National Geographic Resolution sailed east into the Antarctic Sound through Fridtjof Strait, a narrow passage packed with tablular icebergs that glinted in various hues of turquoise, cobalt, and crystalline white. The bergs were embellished by the occasional dark forms of leopard and Weddell seals and small groups of penguins. Ever-changing cloud formations provided a backdrop for skuas, shags, terns, and storm petrels as they flew past our ship.

Late morning, we encountered a few humpback whales and a large, scattered pod of killer whales. The killer whales were traveling in several small groups that repeatedly surfaced in all directions, allowing everyone a chance to photograph their black fins rising up through the icy water, now ruffled by a light wind.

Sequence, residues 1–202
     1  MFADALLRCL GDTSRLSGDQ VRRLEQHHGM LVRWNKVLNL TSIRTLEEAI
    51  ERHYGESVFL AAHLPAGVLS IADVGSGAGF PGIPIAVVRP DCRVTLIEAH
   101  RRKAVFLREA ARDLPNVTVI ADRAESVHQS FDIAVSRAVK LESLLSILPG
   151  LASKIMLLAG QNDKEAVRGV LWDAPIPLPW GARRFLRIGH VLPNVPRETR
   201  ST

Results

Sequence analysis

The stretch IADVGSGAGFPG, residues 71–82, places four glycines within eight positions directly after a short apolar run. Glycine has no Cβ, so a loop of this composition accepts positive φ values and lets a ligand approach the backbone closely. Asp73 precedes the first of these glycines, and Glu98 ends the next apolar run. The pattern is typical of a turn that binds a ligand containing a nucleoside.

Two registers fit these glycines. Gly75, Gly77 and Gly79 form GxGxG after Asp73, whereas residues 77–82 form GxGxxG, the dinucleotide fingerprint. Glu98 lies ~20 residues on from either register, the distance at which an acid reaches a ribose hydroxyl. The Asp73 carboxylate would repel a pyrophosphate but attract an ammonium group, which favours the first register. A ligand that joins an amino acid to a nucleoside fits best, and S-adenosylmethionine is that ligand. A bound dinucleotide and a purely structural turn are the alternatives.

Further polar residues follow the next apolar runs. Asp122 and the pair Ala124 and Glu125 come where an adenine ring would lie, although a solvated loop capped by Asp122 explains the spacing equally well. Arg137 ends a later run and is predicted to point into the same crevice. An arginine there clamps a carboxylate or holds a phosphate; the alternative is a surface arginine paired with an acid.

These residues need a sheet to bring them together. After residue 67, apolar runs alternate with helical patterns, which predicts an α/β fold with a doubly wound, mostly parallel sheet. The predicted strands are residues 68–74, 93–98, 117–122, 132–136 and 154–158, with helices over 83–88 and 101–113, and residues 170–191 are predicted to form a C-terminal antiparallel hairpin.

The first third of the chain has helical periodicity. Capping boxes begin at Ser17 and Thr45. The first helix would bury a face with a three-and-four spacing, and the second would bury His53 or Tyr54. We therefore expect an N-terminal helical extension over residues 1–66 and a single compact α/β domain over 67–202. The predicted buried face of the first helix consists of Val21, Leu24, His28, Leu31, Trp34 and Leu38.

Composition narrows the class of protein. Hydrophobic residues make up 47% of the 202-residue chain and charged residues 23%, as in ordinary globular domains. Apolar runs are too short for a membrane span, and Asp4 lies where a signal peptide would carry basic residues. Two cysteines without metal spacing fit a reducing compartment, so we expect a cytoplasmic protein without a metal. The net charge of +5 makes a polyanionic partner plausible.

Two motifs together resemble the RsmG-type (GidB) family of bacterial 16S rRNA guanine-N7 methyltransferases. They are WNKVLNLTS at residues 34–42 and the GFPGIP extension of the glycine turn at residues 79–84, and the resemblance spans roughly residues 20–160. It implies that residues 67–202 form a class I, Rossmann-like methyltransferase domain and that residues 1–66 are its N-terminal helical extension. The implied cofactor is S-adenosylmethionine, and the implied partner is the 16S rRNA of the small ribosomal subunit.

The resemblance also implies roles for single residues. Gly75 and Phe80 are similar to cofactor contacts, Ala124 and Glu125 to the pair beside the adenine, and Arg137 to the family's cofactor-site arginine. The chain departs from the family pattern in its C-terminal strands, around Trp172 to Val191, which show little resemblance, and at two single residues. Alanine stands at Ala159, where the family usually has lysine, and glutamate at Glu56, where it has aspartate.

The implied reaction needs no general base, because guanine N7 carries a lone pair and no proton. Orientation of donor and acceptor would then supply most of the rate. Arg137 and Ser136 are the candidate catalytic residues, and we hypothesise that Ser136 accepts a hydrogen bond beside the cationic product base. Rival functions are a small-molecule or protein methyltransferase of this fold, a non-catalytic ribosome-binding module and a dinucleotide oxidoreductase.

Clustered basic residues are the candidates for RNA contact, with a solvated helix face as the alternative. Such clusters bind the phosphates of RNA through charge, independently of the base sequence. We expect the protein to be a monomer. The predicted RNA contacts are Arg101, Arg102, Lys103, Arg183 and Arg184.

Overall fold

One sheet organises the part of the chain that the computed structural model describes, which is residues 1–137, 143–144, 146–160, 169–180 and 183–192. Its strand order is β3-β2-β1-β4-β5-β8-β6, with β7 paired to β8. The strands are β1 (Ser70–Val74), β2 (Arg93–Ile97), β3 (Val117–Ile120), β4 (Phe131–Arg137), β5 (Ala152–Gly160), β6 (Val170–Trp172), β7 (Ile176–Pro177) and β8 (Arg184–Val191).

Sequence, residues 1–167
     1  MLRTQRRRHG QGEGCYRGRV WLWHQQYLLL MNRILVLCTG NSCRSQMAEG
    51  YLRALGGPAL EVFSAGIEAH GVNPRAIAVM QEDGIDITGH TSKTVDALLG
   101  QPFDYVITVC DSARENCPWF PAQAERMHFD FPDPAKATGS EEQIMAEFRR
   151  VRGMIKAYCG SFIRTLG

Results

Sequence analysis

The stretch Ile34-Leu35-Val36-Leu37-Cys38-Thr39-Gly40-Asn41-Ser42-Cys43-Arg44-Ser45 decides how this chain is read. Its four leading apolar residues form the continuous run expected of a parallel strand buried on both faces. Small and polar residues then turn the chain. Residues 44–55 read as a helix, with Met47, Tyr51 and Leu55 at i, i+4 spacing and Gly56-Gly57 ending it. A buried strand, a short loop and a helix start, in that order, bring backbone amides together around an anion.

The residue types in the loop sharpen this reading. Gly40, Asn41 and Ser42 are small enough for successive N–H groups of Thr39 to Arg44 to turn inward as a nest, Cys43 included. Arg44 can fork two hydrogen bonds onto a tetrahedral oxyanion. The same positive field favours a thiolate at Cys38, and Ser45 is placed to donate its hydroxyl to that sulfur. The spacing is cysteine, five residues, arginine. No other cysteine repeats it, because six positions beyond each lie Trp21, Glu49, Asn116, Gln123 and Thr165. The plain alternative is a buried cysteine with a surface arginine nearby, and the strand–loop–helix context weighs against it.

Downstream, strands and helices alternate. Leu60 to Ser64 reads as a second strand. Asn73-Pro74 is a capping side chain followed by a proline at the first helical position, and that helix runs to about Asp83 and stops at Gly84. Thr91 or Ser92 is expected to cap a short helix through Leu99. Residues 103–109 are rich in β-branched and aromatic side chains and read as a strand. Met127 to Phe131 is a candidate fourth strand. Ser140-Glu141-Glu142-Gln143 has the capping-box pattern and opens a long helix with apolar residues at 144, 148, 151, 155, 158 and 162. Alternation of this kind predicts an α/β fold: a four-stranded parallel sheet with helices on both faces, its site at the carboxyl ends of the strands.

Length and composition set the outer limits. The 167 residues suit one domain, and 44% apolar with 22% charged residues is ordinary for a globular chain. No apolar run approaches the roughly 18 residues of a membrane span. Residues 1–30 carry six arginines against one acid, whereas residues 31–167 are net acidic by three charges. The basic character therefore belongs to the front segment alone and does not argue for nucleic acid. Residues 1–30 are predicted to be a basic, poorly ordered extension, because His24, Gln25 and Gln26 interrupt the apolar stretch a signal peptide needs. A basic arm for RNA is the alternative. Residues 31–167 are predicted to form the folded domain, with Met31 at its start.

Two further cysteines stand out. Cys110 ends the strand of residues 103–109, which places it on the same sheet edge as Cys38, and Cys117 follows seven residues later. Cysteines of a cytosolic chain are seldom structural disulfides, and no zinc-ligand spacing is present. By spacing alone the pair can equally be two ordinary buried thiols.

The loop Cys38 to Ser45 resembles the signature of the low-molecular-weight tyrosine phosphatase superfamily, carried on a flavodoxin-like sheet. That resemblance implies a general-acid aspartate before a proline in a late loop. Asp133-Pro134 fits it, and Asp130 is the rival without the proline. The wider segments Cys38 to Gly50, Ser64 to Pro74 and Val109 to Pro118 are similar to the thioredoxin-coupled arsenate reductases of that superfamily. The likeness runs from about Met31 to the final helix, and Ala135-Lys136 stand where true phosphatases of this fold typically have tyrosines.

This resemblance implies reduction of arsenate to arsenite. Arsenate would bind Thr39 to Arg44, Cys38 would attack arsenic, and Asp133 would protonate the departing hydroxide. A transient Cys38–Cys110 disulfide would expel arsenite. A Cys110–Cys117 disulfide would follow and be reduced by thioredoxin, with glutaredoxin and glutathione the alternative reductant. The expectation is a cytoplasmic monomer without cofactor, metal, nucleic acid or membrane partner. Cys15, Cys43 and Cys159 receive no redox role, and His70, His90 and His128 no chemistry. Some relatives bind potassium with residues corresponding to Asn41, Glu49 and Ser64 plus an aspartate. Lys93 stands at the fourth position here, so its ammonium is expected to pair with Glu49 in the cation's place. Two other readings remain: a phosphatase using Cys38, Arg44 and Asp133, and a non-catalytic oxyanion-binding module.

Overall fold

We anchored in Bald Head, a rocky cove along the west side of the Antarctic Peninsula. Excited to set foot on the Antarctic continent, we eagerly explored the sloping hillsides of frost-shattered rocks while trying to envision the geologic past.

This evening, we moved further into the Weddell Sea. A serene sunset on our starboard side tinted the mirror-calm water in rose and gold hues. Portside, an orange moon rose above dark mountains.